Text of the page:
Check out the ice-cream at Bill'sThe Midway with it's hand crafted carousel horsesLike the sign says the Bar is open.Selkirk Hotel - a working hotel is awesome dining facilitiesWagon rides down 1885 streetMeet PorkchopCatch the stagecoach at the trading post.The soldiers dining hall in the fortThe clay oven out behind the dining hallone of the fort kitchesMarried Quarters. 3 married couples shared this room. The ladder goes up to where the children slept.The native camp outside the fortAn old windmill or wind powered grist mill still being restored but belongs with the fort.The Mellon Farm and homesteadThe train waiting at the fort station - The time machine.Inside the restored Capital Theater.
Check out the ice-cream at Bill's
Check out the ice-cream at Bill's
The Midway with it's hand crafted carousel horses
The Midway with it's hand crafted carousel horses
Like the sign says the Bar is open.
Like the sign says the Bar is open.
Selkirk Hotel - a working hotel is awesome dining facilities
Selkirk Hotel - a working hotel is awesome dining facilities
Wagon rides down 1885 street
Wagon rides down 1885 street
Meet Porkchop
Meet Porkchop
Catch the stagecoach at the trading post.
Catch the stagecoach at the trading post.
The soldiers dining hall in the fort
The soldiers dining hall in the fort
The clay oven out behind the dining hall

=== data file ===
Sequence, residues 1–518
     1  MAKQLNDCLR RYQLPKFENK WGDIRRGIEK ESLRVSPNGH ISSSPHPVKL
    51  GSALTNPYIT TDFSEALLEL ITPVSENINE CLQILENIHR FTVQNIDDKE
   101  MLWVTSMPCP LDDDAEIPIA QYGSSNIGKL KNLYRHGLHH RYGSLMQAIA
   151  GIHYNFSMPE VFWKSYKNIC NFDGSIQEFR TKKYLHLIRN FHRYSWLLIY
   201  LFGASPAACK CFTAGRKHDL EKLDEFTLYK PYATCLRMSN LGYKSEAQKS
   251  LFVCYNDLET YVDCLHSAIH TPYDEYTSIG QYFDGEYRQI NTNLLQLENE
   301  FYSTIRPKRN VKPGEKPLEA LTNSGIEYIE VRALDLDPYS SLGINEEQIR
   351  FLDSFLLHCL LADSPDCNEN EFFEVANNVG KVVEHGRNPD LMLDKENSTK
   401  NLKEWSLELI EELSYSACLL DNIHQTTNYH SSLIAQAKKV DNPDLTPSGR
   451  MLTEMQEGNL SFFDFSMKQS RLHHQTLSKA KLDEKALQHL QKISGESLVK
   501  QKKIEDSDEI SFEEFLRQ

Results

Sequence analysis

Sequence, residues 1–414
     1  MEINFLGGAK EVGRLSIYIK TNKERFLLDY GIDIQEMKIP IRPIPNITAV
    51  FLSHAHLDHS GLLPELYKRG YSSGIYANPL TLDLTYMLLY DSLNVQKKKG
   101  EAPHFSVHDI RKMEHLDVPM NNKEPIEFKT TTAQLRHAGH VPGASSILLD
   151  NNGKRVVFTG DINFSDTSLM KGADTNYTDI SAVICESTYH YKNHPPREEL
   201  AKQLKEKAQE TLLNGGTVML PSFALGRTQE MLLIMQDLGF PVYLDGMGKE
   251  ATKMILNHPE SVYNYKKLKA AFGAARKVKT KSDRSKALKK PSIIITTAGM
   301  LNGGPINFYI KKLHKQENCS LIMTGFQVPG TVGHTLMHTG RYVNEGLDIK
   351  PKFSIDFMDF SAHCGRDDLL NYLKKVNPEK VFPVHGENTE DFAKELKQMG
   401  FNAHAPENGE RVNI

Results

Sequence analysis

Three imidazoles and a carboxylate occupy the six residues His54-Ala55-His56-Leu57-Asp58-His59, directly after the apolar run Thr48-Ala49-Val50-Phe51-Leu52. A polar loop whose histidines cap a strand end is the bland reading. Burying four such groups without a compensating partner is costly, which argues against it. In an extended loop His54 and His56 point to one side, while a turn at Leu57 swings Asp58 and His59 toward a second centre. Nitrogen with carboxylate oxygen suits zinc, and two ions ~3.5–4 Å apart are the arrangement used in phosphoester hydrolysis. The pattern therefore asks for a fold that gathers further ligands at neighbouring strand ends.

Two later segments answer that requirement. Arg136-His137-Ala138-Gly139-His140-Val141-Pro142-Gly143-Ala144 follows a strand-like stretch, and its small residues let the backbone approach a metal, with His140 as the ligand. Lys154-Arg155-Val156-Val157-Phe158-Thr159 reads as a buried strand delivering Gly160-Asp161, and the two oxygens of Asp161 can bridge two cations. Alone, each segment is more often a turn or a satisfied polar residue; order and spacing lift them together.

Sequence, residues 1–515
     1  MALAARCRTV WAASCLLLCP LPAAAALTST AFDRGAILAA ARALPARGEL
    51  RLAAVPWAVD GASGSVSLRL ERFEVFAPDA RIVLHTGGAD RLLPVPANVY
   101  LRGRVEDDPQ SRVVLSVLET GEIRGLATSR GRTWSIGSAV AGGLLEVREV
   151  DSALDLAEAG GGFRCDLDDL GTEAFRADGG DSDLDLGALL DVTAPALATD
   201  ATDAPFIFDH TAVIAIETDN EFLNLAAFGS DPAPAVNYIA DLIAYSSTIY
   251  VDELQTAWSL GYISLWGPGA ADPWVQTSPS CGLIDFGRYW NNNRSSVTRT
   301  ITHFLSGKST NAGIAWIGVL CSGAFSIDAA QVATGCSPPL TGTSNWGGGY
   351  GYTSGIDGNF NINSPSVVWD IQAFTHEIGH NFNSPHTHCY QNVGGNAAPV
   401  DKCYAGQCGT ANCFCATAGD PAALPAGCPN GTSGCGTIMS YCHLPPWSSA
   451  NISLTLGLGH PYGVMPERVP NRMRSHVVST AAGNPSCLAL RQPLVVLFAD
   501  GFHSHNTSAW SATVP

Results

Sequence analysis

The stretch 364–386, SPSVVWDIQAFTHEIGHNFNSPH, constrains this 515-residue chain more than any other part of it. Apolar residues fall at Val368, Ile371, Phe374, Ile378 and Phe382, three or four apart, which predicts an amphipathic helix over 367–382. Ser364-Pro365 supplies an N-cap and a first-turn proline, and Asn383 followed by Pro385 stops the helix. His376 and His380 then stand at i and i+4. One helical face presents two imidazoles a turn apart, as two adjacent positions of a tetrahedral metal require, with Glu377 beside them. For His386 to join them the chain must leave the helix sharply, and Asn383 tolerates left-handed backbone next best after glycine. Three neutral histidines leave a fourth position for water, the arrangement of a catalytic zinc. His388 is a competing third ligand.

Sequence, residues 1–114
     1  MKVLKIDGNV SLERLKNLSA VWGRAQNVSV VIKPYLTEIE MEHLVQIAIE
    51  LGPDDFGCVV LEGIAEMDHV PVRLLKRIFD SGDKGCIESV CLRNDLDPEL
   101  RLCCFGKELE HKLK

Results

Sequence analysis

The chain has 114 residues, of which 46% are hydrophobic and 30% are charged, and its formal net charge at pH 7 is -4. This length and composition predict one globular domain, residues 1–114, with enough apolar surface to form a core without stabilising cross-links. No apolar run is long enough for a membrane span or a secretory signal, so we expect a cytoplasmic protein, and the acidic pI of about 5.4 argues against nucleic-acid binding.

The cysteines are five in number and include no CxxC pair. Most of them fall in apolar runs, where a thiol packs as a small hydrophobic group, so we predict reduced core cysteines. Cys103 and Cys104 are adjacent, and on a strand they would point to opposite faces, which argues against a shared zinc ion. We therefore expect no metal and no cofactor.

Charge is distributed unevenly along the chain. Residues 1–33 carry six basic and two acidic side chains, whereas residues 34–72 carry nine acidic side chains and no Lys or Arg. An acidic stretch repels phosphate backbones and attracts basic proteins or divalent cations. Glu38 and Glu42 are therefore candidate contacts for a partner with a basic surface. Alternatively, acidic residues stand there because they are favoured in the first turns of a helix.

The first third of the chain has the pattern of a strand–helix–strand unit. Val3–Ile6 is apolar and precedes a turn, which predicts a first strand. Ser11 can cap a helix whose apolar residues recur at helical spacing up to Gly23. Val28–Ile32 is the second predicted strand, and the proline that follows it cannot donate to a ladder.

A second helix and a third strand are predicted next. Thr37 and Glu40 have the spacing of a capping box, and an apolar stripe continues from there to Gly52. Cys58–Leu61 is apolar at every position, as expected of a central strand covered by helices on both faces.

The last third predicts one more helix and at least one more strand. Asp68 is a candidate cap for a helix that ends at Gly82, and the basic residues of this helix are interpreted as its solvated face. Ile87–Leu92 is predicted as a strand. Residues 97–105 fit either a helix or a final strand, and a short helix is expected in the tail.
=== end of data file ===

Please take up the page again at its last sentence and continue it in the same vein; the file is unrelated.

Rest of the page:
The clay oven out behind the dining hall
one of the fort kitches
one of the fort kitches
Married Quarters. 3 married couples shared this room. The ladder goes up to where the children slept.
Married Quarters. 3 married couples shared this room. The ladder goes up to where the children slept.
The native camp outside the fort
The native camp outside the fort
An old windmill or wind powered grist mill still being restored but belongs with the fort.
An old windmill or wind powered grist mill still being restored but belongs with the fort.
The Mellon Farm and homestead
The Mellon Farm and homestead
The train waiting at the fort station - The time machine.
The train waiting at the fort station - The time machine.
Inside the restored Capital Theater.
Inside the restored Capital Theater.

Down The Road To The Wild West

Down this street is a one room school house, a tradesman's cottage, a forge, a print shop with a milliners shop above. There is also a bakery, a church a few shops and a hotel a saloon and a stable. The official buildings start with the NWMP Outpost with the jail out back as well as the Dominion Lands office. One of the original survey posts for the river lots is preserved as well.

Of course the Sanderson & Looby Blacksmith Shop is central not only on the street but to the people of this era as well. McDougall's General Store has many new items being brought in but you still needed the local blacksmith to repair things as well as build custom items. I can imagine working here very easily.